Marc Benioff asks “Why isn’t all enterprise software like Facebook?”. And Charles Zedlewski of SAP responds a better question should be “Why isn’t all enterprise software like amazon?”
Hey, it is good that enterprise software is looking to more consumery technology for inspiration. About time enterprise software became more intuitive, did not need hefty user manuals and expensive training courses?
But can I suggest they also look at their customers and non-tech industry players for inspiration?
My book profiles the 2009 BMW 7 Series which leverages a whole bunch of ways to interface with its users – the driver and the passengers. It supports features like:
- Lane Departure Warning, which vibrates the steering wheel if you change lanes without using the turn signals
- Navigation with all the usual features, plus a 3-D map view that enhances guidance through mountainous or hilly country.
- Hands free calling with speech recognition via the Bluetooth microphone
- Active Blind Spot Detection, which senses vehicles up to 200 ft behind and flashes on the screen and vibrates the steering wheel if you put the turn signal on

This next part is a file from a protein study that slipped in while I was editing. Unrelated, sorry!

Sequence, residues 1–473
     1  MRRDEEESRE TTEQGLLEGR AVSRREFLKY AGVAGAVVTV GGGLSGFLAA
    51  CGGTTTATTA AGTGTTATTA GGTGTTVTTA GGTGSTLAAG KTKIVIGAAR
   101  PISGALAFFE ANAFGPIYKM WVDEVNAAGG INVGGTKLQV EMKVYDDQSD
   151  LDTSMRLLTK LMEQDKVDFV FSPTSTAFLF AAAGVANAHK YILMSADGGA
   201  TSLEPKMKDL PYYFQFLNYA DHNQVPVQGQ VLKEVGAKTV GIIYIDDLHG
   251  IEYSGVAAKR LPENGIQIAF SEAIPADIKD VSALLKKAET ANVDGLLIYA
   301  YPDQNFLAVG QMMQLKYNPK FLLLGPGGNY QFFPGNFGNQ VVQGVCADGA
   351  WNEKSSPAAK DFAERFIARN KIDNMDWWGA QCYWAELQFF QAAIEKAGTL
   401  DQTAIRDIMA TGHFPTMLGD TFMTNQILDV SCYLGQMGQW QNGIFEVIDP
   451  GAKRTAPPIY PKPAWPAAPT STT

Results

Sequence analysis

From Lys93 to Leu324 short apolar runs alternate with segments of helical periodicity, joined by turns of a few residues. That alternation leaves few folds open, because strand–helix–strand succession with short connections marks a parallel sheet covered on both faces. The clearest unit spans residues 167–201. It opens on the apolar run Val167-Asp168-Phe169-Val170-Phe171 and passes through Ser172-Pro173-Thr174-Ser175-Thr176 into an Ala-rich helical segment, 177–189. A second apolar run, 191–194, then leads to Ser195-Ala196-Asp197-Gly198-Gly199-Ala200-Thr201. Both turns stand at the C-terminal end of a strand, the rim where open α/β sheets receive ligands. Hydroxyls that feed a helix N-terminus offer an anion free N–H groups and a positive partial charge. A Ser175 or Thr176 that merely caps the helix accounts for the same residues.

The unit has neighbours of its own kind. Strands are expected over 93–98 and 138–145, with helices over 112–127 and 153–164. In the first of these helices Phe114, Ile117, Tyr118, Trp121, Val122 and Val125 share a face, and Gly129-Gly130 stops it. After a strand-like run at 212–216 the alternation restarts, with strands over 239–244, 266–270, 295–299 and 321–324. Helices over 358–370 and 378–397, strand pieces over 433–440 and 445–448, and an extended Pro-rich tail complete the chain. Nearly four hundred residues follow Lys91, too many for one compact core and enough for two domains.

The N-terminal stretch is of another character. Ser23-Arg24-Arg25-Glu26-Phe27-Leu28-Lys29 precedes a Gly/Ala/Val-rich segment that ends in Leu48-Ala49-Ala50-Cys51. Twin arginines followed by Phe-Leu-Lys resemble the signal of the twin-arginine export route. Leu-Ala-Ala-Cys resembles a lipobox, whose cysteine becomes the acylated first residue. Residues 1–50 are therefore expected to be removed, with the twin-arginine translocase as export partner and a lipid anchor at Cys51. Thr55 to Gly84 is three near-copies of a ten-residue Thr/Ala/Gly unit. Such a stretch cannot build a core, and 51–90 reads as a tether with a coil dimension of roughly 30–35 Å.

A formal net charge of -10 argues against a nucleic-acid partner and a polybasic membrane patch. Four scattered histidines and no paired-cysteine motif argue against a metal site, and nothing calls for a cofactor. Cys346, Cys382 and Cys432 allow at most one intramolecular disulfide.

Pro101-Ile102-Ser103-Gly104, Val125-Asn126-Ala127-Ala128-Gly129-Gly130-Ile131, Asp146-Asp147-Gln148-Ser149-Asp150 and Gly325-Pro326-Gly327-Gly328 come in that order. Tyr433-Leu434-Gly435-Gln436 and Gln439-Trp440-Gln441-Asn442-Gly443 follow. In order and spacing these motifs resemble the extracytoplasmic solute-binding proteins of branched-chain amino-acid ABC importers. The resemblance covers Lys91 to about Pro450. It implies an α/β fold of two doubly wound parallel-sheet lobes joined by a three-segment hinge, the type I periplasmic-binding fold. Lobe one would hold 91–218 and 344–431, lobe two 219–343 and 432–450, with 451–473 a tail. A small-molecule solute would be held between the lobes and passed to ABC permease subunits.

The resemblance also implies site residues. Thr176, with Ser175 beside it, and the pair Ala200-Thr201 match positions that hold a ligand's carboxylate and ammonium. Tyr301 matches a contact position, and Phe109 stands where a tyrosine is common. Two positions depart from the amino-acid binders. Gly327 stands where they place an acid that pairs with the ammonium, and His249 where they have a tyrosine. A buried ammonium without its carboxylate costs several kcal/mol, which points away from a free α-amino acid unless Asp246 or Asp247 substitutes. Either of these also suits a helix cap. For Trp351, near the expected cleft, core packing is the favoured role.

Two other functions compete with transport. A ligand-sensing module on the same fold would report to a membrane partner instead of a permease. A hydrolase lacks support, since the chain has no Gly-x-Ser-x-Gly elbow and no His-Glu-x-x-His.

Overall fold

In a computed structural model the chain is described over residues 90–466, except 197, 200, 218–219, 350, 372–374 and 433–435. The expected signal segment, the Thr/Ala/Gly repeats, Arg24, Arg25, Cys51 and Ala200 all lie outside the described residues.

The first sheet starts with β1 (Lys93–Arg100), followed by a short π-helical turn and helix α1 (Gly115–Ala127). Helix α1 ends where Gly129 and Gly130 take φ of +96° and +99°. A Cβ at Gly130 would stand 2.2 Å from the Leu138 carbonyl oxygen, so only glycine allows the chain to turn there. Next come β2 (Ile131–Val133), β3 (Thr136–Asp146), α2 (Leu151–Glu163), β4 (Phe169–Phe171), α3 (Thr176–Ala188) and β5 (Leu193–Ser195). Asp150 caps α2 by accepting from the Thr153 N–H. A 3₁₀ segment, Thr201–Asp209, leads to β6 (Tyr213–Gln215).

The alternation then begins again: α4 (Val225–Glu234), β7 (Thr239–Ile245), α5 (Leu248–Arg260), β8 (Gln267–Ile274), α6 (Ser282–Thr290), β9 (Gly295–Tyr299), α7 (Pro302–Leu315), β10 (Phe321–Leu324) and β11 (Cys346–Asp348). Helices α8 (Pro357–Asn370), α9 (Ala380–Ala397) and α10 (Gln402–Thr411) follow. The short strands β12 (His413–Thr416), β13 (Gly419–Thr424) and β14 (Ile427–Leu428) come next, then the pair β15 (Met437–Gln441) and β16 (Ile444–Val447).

- Rear Passenger entertainment system which allows Internet access
You have to compliment BMW and others in the auto industry for working around the mouse and the QWERTY keyboard. Most of the software industry does not take advantage of other types of available and emerging interfaces – surface, wearable computers, scanners, brain-machine and so on.
Move on to analytics.
2008 was a wake-up call for most enterprises. The realization sunk in that after tens of billions invested in analytical tools, their business forecasts were not just off – they were off spectacularly.
Against that backdrop, the National Hurricane Center is impressive. The Center goes out and gathers primary data using dropsondes, buoys, Hurricane Hunter flights in hostile circumstances uses massive processing power to crunch that data, considers and cautiously blends multiple forecasting models and probabilities.
The track forecast error in the eighties, 48 hours out was 225 nautical miles. Today that error is a little less than 100. Over the annual hurricane season, that adds to hundreds of miles of coastline not evacuated. Each mile of coastline not evacuated saves millions in emergency services, panic shopping and other community disruption. Talk about ROI!
That’s what enterprise software should be aiming for. Instead the industry talks about “bringing BI to the masses”.
So, yes match Facebook and amazon. But keep going. Plenty of innovation to catch up to in many areas.